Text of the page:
ElBaradei Beats Bolton

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Mohamed
ElBaradei will serve a third term as director general of the International
Atomic Energy Agency.

Since
abject failure appears to be a criterion for being awarded the Presidential
Medal of Freedom, look for John Bolton – currently undersecretary
of state – to be the next recipient.

You
see, Bolton has been "point man" in the Bush administration’s
campaign to discredit and/or supersede ElBaradei and his pesky IAEA
nuke proliferation-prevention regime.

How
pesky?

In
President Bush’s first State of the Union message, he essentially
accused North Korea, Iran and Iraq of having clandestine nuke programs:

"States
like these, and their terrorist allies, constitute an axis of evil,
arming to threaten the peace of the world.

"I
will not wait on events, while dangers gather. I will not stand
by, as peril draws closer and closer. The United States of America
will not permit the world’s most dangerous regimes to threaten us
with the world’s most destructive weapons."

But
– at that time – North Korea, Iran and Iraq were signatories
to the Nuclear Non-Proliferation Treaty. All three had their "declared"
nuclear facilities subject to IAEA periodic inspection, and both
Iraq and North Korea were subject to additional stringent IAEA surveillance.

The
IAEA nuke proliferation prevention regime applied to Iraq was especially
severe. The IAEA Action Team on Iraq had been granted extraordinary
authority by U.N. Security Council Resolution 687. To wit:

  1. Identifying
    Iraqi facilities capable of enriching or extracting nuke-usable
    materials;
  2. Assessing
    Iraqi industrial capabilities for constructing such plants;
  3. Identifying
    Iraqi plants capable of producing non-nuclear components of nukes;
  4. Searching
    for evidence – including analysis of ongoing research and
    development activities – of an Iraqi nuke program.

    [This extraordinary
    authority given by the Security Council to the IAEA for Iraq
    then became the basis for developing the 1997 Model Additional
    Protocol to be added to all existing IAEA Safeguards Agreements.]

As
for North Korea, under the U.S.-DPRK Agreed Framework of 1994, all
existing North Korean "nuclear" activities had been "frozen"
– under IAEA lock and seal – in return for a promise of
free nuclear power plants and an interim supply of free fuel-oil.

If
the IAEA had determined that a) Iraq was not in compliance with
Security Council resolutions or that b) North Korea was not in compliance
with the Agreed Framework or that c) Iran was not in compliance
with its Safeguards Agreement, it could have asked the U.N. Security
Council to impose "sanctions," which could – under
the U.N. Charter – include the use of military force.

However,
the IAEA had made no such determination.

Obviously,
if Bush was to impose regime change on Iraq, Iran and North Korea
on the pretext they had nukes, the IAEA nuke proliferation-prevention
regime had to be discredited or superseded.

So,
Bush announced his own National Strategy to Combat Weapons of Mass
Destruction in late 2002 and developed from it the Proliferation
Security Initiative of 2003, whose objective was to create a web
of international "counter-proliferation partnerships"
to prevent "proliferators" from "carrying out their
trade in WMD and missile-related technology."

According
to Bolton, the PSI was necessary because "proliferators and
those facilitating the procurement of deadly capabilities are circumventing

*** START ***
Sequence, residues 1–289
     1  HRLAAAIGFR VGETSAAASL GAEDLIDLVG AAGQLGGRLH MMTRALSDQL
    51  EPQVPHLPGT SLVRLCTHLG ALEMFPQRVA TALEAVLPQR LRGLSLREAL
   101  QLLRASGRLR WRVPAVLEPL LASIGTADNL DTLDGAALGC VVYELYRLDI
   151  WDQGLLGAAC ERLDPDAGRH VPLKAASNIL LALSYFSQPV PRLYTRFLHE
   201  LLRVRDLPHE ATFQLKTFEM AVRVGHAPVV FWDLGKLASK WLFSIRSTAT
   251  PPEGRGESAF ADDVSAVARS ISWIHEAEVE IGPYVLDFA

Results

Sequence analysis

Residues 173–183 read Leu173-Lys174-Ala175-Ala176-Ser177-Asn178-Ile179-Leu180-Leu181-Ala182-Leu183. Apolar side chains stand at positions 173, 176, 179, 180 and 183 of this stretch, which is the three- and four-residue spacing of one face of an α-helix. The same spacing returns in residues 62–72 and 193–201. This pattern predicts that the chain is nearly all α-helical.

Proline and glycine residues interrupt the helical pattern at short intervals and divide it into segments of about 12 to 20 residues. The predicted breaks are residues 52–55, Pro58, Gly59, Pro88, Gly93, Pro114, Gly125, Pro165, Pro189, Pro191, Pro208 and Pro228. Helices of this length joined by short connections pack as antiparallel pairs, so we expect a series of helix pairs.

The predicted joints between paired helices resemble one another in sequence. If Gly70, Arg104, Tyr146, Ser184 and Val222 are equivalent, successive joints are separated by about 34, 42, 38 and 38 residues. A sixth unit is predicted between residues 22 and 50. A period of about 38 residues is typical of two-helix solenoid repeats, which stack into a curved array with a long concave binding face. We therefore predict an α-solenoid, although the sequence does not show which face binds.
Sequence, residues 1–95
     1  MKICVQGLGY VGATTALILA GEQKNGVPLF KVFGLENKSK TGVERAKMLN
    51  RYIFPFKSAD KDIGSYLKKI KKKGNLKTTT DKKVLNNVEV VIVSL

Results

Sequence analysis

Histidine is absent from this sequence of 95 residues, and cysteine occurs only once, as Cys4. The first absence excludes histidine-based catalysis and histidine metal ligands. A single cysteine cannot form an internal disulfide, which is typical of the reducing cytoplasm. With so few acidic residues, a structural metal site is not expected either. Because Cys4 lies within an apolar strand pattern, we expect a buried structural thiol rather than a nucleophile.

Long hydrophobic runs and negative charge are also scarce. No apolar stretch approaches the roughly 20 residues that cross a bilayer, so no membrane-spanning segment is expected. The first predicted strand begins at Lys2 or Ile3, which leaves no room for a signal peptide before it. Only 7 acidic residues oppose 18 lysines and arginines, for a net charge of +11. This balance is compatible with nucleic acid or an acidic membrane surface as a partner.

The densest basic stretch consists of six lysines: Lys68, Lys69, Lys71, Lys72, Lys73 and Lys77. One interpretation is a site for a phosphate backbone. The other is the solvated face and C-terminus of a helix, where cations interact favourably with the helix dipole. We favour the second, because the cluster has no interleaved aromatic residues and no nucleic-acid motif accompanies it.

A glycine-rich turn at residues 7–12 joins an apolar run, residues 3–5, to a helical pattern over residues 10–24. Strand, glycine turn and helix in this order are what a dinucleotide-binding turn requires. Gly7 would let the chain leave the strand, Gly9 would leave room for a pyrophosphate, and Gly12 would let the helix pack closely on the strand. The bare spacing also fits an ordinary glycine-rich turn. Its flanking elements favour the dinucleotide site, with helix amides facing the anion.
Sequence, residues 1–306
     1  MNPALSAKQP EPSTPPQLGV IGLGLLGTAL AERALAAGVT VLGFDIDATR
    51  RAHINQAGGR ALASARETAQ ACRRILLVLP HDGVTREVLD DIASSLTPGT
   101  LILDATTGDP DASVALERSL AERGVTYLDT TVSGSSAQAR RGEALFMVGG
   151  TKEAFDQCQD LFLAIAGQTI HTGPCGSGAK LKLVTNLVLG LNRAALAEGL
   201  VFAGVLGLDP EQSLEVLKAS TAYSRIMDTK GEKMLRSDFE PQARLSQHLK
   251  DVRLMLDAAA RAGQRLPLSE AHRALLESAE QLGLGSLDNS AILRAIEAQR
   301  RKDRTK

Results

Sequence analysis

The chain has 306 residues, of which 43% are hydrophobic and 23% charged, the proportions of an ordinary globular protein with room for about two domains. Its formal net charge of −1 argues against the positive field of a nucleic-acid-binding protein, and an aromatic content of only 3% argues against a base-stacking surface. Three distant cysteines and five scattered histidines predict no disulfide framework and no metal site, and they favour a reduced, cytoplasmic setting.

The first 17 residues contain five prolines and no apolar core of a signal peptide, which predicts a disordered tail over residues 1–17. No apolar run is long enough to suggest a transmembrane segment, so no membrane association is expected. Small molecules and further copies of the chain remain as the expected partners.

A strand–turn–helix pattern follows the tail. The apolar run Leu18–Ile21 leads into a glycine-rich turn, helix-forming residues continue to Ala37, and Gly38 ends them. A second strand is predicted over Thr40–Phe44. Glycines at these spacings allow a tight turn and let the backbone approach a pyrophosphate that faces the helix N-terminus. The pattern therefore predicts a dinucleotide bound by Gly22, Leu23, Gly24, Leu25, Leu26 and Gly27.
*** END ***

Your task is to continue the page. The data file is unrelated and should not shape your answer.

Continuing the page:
existing laws, treaties and controls against WMD proliferation."
Unlike the existing U.N. nuke proliferation-prevention regime, "PSI
is not diverted by disputes about candidacies for director general,
agency budgets, agendas for meetings and the like."

Bolton
began implementing Bush’s PSI almost nine months after Bush had
unilaterally abrogated the IAEA-monitored Agreed Framework with
North Korea and several months after Bush had defied the U.N. Security
Council by unilaterally invading and occupying Iraq.

Bolton
claimed the PSI was presaged by Security Council Resolution 1540
of 2004, which reaffirmed the UNSC President’s Statement (S 23500)
of Jan. 31, 1992.

Bolton
to the contrary, that statement actually includes the following
reaffirmation of the NPT and the role of the IAEA in preventing
nuke proliferation:

"On
nuclear proliferation, they [Council members] note the importance
of the decision of many countries to adhere to the Non-Proliferation
Treaty and emphasize the integral role in the implementation of
that Treaty of fully effective IAEA safeguards, as well as the importance
of effective export controls. The members of the Council will take
appropriate measures in the case of any violations notified to them
by the IAEA."

Bolton
has been demanding, publicly and privately, that ElBaradei be replaced.
Well, that’s not going to happen. But stay tuned. Maybe Bolton will
be replaced … so as to be eligible for the Presidential Medal
of Freedom.

January
10, 2005

Physicist
James Gordon Prather [send
him mail
] has served as a policy-implementing official for national
security-related technical matters in the Federal Energy Agency,
the Energy Research and Development Administration, the Department
of Energy, the Office of the Secretary of Defense and the Department
of the Army. Dr. Prather also served as legislative assistant for
national security affairs to U.S. Sen. Henry Bellmon, R-Okla. –
ranking member of the Senate Budget Committee and member of the
Senate Energy Committee and Appropriations Committee. Dr. Prather
had earlier worked as a nuclear weapons physicist at Lawrence Livermore
National Laboratory in California and Sandia National Laboratory
in New Mexico.

Gordon
Prather Archives

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